She was not in the least afraid of the death hovering in her mind. Waiting alone at home, Reiko firmly believed that everything her husband was feeling or thinking now, his anguish and distress, was leading her–just as surely as the power in his flesh–to a welcome death. She felt as if her body could melt away with ease and be transformed to the merest fraction of her husband’s thought.

Listening to the frequent announcements on the radio, she heard the names of several of her husband’s colleagues mentioned among those of the insurgents. This was news of death. She followed the developments closely, wondering anxiously, as the situation became daily more irrevocable, why no Imperial ordinance was sent down, and watching what had at first been taken as a movement to restore the nation’s honor come gradually to be branded with the infamous name of mutiny. There was no communication from the regiment. At any moment, it seemed, fighting might commence in the city streets, where the remains of the snow still lay.

Toward sundown on the twenty-eighth Reiko was startled by a furious pounding on the front door. She hurried downstairs. As she pulled with fumbling fingers at the bolt, the shape dimly outlined beyond the frosted glass panel made no sound, but she knew it was her husband. Reiko had never known the bolt on the sliding door to be so stiff. Still it resisted. The door just would not open.

In a moment, almost before she knew she had succeeded, the lieutenant was standing before her on the cement floor inside the porch, muffled in a khaki greatcoat, his top boots heavy with slush from the street. Closing the door behind him, he returned the bolt once more to its socket. With what significance, Reiko did not understand.

“Welcome home.”

Reiko bowed deeply, but her husband made no response. As he had already unfastened his sword and was about to remove his greatcoat, Reiko moved around behind to assist. The coat, which was cold and damp and had lost the odor of horse dung it normally exuded when exposed to the sun, weighed heavily upon her arm. Draping it across a hanger, and cradling the sword and leather belt in her sleeves, she waited while her husband removed his top boots and then followed behind him into the “living room.” This was the six-mat room downstairs.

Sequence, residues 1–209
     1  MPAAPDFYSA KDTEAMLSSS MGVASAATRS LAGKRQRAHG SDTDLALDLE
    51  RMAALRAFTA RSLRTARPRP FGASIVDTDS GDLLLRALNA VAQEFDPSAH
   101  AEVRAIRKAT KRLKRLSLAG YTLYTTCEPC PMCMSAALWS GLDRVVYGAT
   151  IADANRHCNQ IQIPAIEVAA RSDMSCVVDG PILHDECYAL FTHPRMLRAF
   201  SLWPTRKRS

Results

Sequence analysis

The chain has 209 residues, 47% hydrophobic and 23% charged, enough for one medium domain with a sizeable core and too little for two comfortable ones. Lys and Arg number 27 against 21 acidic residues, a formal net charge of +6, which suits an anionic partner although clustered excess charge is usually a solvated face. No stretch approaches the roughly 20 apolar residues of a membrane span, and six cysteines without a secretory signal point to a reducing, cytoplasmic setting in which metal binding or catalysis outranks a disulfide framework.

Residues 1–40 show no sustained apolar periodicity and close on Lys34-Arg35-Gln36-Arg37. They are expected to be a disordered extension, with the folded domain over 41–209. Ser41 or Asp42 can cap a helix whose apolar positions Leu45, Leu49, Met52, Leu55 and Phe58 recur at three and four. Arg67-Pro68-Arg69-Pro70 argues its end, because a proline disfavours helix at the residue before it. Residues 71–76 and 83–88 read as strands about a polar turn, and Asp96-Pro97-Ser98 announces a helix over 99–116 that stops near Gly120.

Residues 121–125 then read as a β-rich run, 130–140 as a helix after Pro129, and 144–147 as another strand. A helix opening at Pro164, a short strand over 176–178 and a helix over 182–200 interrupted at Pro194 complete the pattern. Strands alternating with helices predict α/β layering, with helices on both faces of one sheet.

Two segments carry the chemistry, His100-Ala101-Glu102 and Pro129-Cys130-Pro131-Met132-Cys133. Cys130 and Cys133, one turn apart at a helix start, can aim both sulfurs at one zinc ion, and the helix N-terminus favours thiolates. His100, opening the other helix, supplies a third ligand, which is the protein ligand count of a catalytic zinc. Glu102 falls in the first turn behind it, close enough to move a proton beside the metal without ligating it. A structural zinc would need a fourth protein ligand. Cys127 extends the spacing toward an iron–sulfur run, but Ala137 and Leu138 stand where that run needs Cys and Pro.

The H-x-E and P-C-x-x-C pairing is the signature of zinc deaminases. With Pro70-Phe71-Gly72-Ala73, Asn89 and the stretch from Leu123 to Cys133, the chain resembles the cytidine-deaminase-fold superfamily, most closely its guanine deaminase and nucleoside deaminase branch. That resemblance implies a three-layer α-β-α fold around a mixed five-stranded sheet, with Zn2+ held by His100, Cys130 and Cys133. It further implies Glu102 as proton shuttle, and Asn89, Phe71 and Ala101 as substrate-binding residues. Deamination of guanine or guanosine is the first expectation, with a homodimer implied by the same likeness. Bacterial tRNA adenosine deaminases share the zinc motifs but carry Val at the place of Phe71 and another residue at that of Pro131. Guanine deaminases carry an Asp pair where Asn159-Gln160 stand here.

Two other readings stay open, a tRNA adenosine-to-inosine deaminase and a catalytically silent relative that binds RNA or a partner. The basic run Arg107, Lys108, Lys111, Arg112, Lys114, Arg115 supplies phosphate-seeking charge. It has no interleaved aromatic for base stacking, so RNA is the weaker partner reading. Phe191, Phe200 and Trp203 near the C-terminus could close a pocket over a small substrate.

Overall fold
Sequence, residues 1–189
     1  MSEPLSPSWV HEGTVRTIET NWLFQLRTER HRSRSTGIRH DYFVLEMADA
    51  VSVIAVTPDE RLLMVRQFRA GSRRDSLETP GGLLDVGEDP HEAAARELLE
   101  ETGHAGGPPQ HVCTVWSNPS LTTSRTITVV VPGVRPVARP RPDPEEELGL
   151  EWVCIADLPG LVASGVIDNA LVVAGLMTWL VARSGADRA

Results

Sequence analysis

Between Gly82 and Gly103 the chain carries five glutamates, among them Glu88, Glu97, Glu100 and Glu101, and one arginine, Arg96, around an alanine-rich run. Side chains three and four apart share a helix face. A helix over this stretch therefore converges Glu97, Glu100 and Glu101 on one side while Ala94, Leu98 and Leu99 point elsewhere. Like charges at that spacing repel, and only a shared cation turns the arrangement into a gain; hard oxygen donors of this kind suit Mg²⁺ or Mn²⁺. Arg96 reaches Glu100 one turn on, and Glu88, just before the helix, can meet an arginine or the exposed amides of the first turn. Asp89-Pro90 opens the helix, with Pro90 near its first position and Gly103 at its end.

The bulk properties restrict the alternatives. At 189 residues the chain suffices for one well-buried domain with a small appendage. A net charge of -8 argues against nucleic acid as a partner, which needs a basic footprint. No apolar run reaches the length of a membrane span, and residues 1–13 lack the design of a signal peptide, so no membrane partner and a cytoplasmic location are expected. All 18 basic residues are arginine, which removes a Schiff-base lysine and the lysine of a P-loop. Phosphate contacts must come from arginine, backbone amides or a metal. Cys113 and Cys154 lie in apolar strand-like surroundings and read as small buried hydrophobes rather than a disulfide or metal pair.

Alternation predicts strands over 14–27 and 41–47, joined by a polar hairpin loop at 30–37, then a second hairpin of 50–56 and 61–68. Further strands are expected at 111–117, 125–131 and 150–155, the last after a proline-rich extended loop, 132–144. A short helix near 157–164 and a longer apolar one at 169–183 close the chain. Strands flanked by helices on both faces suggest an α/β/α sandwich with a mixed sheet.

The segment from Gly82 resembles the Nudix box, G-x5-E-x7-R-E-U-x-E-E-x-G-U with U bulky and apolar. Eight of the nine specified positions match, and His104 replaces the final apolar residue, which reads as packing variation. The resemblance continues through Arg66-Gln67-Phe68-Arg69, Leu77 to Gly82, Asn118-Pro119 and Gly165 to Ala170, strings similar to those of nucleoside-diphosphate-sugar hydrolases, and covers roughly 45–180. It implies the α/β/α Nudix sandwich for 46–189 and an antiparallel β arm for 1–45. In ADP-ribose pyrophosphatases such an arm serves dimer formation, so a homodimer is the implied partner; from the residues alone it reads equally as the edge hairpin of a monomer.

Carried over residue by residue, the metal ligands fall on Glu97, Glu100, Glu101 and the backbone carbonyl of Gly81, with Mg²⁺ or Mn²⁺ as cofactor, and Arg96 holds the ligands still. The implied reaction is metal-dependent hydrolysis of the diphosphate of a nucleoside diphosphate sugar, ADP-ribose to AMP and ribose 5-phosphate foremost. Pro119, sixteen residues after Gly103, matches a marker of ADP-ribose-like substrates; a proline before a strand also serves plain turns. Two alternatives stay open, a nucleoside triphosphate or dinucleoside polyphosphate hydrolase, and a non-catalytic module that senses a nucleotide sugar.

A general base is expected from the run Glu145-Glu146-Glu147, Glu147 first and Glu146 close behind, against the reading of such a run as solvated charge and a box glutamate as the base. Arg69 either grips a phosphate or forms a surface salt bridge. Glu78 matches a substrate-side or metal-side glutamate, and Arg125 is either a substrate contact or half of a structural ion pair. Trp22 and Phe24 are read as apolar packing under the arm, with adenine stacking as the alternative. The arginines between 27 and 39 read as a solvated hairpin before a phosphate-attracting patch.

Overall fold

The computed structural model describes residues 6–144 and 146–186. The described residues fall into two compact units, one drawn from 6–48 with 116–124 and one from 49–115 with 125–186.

Seen in the clear light from the lamp, her husband’s face, covered with a heavy growth of bristle, was almost unrecognizably wasted and thin. The cheeks were hollow, their luster and resilience gone. In his normal good spirits he would have changed into old clothes as soon as he was home and have pressed her to get supper at once, but now he sat before the table still in his uniform, his head drooping dejectedly. Reiko refrained from asking whether she should prepare the supper.

After an interval the lieutenant spoke.

“I knew nothing. They hadn’t asked me to join. Perhaps out of consideration, because I was newly married. Kano, and Homma too, and Yamaguchi.”

Reiko recalled momentarily the faces of high-spirited young officers, friends of her husband, who had come to the house occasionally as guests.

“There may be an Imperial ordinance sent down tomorrow. They’ll be posted as rebels, I imagine. I shall be in command of a unit with orders to attack them. . . . I can’t do it. It’s impossible to do a thing like that.”